How I managed my finances in my 20s

Posted by mapetitechou on Jul 22, 2015 in financial planning, lifestyle

I was suggested to do a post on this topic, which is a great topic. I always get questions from people on whether or not I was financially “savvy” — so to speak — when I was younger. You know what, I wasn’t. Besides the advice that I got from my parents, work hard and save your money, I didn’t know anything about investing and I didn’t know anything about financial freedom.

To our conventional standards, you could say I was a good kid in my 20s. I was good at my job. I lived below my means and saved my money. I always maxed out my contribution room for my RRSP. I was very religious about that. And I always had a good size emergency fund. I bought my first car (a used Mazda Protege) with cash. I remember one time when I was banking at CIBC, this older teller lady took a look at my balance in my chequeing account and said “why do you have so much cash in your account?” I said “I’m saving it to buy a car soon.” She was like “Good for you. You don’t see many young people with a good size balance their bank accounts anymore these days.” Because I come from an immigrant family, it was just second nature to be a saver. I thank my parents for that. When I graduated university and started working, I did not inflate my lifestyle as much as other young professionals. Don’t get me wrong, I was not deprived. I went out with friends, I went on vacations. But I was always mindful about not to live it up so much so that I lost track of savings. I always put my bonuses into savings.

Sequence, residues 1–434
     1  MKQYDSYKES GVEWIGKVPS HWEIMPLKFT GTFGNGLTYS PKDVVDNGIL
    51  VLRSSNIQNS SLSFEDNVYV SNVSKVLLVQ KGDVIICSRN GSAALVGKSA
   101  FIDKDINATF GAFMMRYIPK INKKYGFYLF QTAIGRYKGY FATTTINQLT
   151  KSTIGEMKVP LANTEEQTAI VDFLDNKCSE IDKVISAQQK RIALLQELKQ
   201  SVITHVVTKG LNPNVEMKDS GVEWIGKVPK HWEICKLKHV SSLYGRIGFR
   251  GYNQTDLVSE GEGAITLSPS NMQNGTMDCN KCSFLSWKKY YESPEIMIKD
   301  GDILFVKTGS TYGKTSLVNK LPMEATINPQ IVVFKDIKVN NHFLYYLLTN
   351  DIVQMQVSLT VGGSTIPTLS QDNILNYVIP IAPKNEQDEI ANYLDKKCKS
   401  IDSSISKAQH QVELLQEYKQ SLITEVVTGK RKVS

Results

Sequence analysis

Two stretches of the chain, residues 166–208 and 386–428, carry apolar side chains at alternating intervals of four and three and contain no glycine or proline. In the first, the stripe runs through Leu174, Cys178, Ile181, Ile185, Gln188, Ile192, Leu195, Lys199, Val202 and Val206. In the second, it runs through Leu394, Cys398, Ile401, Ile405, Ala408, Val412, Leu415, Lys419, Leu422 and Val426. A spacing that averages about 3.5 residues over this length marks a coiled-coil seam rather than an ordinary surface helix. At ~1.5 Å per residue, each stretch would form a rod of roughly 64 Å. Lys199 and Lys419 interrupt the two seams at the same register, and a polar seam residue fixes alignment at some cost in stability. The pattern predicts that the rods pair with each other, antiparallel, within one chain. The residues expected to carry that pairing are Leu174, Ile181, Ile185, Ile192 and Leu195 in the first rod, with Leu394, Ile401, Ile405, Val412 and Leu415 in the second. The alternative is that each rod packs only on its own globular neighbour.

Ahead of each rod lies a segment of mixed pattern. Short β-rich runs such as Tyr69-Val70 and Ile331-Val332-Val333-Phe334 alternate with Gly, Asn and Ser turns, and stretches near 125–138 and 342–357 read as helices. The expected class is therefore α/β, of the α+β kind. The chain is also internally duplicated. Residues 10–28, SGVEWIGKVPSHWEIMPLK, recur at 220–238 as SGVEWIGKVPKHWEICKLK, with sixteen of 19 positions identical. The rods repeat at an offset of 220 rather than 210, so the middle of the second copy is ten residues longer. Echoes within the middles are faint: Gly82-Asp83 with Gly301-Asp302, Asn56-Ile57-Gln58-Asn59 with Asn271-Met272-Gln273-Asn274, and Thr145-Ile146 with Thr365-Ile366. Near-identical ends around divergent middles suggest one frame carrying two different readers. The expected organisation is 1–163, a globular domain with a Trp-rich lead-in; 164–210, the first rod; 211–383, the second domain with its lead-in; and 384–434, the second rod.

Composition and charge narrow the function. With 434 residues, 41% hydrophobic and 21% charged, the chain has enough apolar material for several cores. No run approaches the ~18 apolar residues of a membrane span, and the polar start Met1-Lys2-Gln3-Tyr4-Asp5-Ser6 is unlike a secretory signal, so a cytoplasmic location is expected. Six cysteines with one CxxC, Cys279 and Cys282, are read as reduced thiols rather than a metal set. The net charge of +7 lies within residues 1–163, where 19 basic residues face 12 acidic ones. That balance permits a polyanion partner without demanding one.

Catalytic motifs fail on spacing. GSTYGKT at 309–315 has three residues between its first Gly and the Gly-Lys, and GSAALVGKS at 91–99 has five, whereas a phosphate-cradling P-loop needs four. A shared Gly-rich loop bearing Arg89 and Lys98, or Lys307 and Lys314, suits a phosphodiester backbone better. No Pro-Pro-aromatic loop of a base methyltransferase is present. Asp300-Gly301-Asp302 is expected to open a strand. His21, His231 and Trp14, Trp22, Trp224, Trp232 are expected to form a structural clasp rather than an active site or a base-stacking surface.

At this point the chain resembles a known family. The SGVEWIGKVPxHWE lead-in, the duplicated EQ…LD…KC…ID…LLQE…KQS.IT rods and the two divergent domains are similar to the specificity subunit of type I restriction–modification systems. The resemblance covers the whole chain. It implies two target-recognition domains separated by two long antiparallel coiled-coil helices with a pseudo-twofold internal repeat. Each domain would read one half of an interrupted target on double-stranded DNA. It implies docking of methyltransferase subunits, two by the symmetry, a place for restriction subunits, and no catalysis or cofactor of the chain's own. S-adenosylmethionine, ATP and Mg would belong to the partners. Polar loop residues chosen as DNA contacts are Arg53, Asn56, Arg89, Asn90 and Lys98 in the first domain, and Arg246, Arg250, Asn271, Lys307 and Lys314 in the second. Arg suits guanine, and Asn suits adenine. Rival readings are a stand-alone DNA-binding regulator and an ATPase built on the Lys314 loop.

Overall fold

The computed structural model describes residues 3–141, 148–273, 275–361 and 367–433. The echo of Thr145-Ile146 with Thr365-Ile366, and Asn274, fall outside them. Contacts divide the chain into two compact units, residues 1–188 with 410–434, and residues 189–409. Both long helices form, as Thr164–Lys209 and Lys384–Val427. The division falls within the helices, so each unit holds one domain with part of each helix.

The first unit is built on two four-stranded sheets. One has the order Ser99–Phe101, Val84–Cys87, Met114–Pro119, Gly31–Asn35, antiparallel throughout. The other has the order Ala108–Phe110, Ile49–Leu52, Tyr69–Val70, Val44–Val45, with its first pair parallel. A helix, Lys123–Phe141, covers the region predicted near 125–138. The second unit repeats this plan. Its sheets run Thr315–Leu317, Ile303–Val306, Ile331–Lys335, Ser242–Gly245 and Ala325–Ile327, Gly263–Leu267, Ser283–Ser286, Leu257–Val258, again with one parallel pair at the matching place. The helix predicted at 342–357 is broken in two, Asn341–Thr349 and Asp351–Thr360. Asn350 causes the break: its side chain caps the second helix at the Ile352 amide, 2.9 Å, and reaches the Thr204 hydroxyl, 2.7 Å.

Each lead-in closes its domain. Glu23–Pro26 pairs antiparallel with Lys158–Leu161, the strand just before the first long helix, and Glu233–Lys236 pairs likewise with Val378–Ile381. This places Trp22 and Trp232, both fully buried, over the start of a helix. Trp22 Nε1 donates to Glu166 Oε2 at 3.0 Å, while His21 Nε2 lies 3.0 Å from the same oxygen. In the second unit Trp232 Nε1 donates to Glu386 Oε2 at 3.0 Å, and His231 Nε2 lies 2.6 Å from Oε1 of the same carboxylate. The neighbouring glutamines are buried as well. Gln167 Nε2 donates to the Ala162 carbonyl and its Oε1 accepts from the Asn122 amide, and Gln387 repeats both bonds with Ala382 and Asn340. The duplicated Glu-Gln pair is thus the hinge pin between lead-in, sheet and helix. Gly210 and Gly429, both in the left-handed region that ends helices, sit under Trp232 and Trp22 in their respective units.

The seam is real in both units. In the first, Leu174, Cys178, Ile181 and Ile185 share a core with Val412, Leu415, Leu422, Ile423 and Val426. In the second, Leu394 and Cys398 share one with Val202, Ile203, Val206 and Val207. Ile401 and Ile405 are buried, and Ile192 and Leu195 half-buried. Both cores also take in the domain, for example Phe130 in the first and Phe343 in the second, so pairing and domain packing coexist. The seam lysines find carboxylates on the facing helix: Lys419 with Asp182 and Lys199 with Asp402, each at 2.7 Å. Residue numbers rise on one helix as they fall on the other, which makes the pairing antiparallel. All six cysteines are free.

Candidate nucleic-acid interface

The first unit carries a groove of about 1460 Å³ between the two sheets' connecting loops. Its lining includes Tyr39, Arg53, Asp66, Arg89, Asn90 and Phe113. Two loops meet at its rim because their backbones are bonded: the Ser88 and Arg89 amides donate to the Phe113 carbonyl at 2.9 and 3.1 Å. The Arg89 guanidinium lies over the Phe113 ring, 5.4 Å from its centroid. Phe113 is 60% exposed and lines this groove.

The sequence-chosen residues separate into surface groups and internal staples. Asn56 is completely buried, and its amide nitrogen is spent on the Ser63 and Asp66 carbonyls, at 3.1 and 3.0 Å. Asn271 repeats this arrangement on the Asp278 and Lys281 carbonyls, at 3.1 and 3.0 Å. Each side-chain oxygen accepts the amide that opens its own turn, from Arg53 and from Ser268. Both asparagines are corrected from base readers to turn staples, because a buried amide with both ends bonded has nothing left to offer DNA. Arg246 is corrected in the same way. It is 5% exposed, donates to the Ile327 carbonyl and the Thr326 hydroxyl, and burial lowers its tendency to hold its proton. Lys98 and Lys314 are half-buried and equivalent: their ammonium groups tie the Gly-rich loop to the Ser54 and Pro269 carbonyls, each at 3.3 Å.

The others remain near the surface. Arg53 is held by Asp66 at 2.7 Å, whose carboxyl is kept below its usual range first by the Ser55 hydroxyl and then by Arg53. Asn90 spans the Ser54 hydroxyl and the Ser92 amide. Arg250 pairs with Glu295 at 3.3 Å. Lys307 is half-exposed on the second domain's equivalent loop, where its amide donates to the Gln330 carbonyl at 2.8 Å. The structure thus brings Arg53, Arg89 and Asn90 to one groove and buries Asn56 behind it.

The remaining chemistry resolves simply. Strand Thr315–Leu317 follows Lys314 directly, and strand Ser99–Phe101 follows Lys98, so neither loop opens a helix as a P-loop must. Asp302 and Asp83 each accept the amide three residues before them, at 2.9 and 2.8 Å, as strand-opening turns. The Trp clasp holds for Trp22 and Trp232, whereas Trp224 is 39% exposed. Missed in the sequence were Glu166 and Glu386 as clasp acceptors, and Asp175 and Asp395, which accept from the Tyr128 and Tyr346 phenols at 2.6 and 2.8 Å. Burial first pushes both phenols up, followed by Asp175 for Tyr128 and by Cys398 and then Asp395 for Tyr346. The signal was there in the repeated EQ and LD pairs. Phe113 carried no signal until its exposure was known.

It’s interesting that a lot of people it felt like people didn’t want to see me saving my money. One time my parents’ accountant was doing taxes for us, he saw how much I was saving for my car, he said “you don’t need to save so much cash for a car. Just finance. You live in Canada, you should live like a Canadian person. It’s totally normal to borrow money.” Mind you, the accountant himself was Chinese, maybe he was speaking from his own personal experience. Maybe he went from being a saver to a spender in a process of assimilating himself into Canadian society. I think I mumbled something about not wanting to be in debt. Now looking back, it is kind of shocking to hear that from a financial professional.